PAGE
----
Mmm... I've now got a *reasonably* good idea of what I can do, and I'll
probably invest a bit more money in it at some stage in the future, but
I'll leave it "vanilla" for the moment. A bigger disk is the most
obvious improvement - but I don't really know whether or not I need it,
yet. I haven't found anywhere which tells me the amount of free disk
space (with/without overwriting things which are "okay to overwrite") -
am I missing something, or does it not exist?

Also, if my disk goes, is it fairly easy to install a new one
(obviously minus settings etc) without having a working disk to start
with? Everything I've seen has backup instructions etc - is there any
way of getting a new disk and putting on some vanilla
settings/database/etc?


Standard 40Gb disk gives about 20hrs record time in high quality (11hr
best). If you record a lot of stuff (and you will) it doesn't take long
to fill it up and if your away from home unable to view stuff for a few
days you will fill up the disk and Tivo will start removing stuff to
make way for new stuff. BTW it deletes it's own suggestions first then
deletes in date order unless you have told it to 'keep until'. With
120Gb drives going for around 75 it's well worth the effort to upgrade.
Most people tend to run on a single 120Gb drive as I do and as of yet I
have never had a recording deleted.

If your disk goes....then you would need to get a tivo image. The best
thing to do to get one is make it yourself by plugging your tivo drive
into your pc and using MFStools taking a backup. I keep a vanilla
backup on CD.

if your reasonably savvy with PC's a little unix then creating a new
drive from a backup takes all of 10 mins, it really isn't difficult you
just have to have the balls to do it. If you haven't then there are a
number of resources on the net happy to sell you a replacement drive at
an inflated price.

Phil


  #9  
Old February 11th 04, 02:34 PM posted to uk.tech.tv.video.pvr
Phil
external usenet poster
 
Posts: 13
Default Tivo - what does standby actually do?



Jon Skeet wrote:
Phil wrote:

Get the life sub, it pays for itself in a year and a half.



True - but who knows what else might be available in a year and a half?
That's the thing - I don't know to what extent the Tivo will be a
permanent solution. I can imagine the PVR landscape changing
considerably in the next year or so, and something else may well come
up at a reasonable price.

Of course, the good thing about buying a lifetime sub is that it
actually adds to the value of the box, so if I sell it on eBay I can
expect significantly more for it - but again, only at the moment!

I'll probably go down the lifetime sub route, but I'll wait at least
until the end of the month when my month's sub runs out - it gives me a
bit more time to think about the pros and cons.


There's a lot of talk about PVR's coming out but none to replace the
Tivo functionality. I've asked myself the same question 'life after
tivo' and the nearest solution I can come up with is building a mythTV
server but the cost is far greater than a tivo.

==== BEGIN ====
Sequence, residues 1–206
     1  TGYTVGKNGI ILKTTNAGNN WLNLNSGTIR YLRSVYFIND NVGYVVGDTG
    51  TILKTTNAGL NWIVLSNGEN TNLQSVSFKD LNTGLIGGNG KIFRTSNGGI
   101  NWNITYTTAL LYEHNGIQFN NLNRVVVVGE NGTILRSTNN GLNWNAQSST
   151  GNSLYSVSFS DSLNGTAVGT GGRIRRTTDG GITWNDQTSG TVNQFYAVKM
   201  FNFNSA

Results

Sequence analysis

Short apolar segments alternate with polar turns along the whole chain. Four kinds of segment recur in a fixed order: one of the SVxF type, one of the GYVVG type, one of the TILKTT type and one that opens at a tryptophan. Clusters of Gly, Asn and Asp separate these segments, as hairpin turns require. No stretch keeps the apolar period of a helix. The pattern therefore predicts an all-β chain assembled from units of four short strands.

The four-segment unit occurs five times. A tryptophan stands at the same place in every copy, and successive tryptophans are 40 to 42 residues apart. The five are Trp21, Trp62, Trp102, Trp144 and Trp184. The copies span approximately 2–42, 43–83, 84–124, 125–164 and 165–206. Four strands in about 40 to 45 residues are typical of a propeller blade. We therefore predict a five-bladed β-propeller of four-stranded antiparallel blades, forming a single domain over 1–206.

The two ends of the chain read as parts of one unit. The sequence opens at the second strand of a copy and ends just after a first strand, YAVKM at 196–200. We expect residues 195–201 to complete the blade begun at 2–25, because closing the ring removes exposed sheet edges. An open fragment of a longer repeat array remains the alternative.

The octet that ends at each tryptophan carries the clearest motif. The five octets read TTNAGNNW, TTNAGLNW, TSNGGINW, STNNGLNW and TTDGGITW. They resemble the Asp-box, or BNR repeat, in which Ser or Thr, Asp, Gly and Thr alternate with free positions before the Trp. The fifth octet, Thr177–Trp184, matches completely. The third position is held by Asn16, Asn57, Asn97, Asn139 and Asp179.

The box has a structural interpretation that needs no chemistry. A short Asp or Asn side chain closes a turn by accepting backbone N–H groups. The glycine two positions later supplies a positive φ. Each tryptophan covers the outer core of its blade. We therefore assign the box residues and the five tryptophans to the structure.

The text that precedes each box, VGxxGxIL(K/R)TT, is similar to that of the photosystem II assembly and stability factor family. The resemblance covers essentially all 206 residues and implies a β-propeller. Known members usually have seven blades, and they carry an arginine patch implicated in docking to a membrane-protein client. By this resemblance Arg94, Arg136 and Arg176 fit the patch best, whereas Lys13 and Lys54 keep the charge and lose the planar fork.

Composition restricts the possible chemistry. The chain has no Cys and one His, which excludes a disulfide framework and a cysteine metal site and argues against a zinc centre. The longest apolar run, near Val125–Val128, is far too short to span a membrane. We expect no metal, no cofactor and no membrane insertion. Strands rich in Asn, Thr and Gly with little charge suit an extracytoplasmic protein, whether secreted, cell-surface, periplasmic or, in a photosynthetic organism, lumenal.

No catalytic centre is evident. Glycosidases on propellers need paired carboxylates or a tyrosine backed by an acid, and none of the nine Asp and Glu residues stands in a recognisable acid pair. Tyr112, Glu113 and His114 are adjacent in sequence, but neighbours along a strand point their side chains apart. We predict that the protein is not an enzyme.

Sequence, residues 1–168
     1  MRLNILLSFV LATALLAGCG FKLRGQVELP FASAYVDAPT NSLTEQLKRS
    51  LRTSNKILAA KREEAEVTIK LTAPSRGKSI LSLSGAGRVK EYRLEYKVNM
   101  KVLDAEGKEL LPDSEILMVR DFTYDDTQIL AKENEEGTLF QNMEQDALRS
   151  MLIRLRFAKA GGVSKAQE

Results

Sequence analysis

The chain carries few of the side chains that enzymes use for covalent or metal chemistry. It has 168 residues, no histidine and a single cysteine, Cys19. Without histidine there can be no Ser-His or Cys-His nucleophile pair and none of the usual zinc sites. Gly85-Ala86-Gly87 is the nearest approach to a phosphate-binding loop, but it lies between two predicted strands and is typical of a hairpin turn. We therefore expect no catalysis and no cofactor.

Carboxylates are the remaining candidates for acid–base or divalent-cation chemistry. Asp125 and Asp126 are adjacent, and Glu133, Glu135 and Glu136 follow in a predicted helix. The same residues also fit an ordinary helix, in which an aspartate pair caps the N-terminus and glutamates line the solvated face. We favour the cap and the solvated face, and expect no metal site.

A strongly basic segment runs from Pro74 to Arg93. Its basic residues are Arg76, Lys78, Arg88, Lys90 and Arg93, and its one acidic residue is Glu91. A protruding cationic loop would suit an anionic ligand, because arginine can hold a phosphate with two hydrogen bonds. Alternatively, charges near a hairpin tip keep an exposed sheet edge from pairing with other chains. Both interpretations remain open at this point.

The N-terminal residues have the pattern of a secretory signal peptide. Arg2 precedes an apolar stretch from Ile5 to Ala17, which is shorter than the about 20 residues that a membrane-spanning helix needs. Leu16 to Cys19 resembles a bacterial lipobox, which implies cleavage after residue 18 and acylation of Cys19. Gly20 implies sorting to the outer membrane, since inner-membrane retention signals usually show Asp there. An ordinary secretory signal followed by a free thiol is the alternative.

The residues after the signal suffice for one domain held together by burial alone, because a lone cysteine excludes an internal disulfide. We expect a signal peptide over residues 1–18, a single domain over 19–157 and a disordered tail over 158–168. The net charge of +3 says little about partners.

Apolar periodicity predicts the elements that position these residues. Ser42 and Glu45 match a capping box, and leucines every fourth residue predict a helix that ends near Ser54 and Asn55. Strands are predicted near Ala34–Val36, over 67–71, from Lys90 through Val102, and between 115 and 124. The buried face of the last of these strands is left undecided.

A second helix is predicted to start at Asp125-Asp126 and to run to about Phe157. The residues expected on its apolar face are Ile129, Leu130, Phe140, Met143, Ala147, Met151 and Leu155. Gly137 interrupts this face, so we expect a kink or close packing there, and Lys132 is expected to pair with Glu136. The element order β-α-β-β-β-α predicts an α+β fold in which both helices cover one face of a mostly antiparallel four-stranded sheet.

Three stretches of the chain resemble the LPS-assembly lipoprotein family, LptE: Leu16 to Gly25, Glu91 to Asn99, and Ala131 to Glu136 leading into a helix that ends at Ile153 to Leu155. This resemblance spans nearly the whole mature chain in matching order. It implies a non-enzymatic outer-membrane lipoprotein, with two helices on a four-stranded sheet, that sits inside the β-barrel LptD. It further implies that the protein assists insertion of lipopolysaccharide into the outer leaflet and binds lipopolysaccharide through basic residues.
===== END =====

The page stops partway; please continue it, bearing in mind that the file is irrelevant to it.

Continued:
Humax are bringing out a Tivo and combined DVD-R machine in the USA but
as of yet there are no plans to bring it to the UK. Personally I think
manufacturers are a little scared to bring the product to the UK and
Tivo themselves have not invested in developing the software for the UK
market since their first stab at it. Basically it all went wrong
because they got $ky to market it and to be honest they didn't do a good
job....but then why would they...they had $ky + on the way.

Phil

  #10  
Old February 11th 04, 02:35 PM posted to uk.tech.tv.video.pvr
Angus Rae
external usenet poster
 
Posts: 339
Default Tivo - what does standby actually do?

Jon Skeet wrote:
Mmm... I've now got a *reasonably* good idea of what I can do, and I'll
probably invest a bit more money in it at some stage in the future, but
I'll leave it "vanilla" for the moment. A bigger disk is the most
obvious improvement - but I don't really know whether or not I need it,
yet. I haven't found anywhere which tells me the amount of free disk
space (with/without overwriting things which are "okay to overwrite") -
am I missing something, or does it not exist?


Doesn't exist. Easiest way of seeing how much space you have is to leave
suggestions turned on, even if you don't want to look at them, and every
so often check and see how many there are (as they get deleted in favour
of everything else). If there's only a couple of suggestions in the
list, then you're running out of free space.

A better solution is the "free space indicator in Now Playing" addon
(see
http://www.tivocommunity.com/tivo-vb...hreadid=154095
for details).

Also, if my disk goes, is it fairly easy to install a new one
(obviously minus settings etc) without having a working disk to start
with? Everything I've seen has backup instructions etc - is there any
way of getting a new disk and putting on some vanilla
settings/database/etc?


Well, it's not the settings and database that are important - your TiVo
will pick that up from the first phonecall - but what's important is the
underlying Linux install and TiVo applications. These are actually
relatively small, and so it's not too hard get hold of an image to put
on the disk from other friendly TiVo owners. Again, check
http://www.tivocommunity.com/tivo-vb/

--
Angus G Rae Computing Services
Science & Engineering Support Team University of Edinburgh
The above opinions are mine, and Edinburgh Uni can't have them.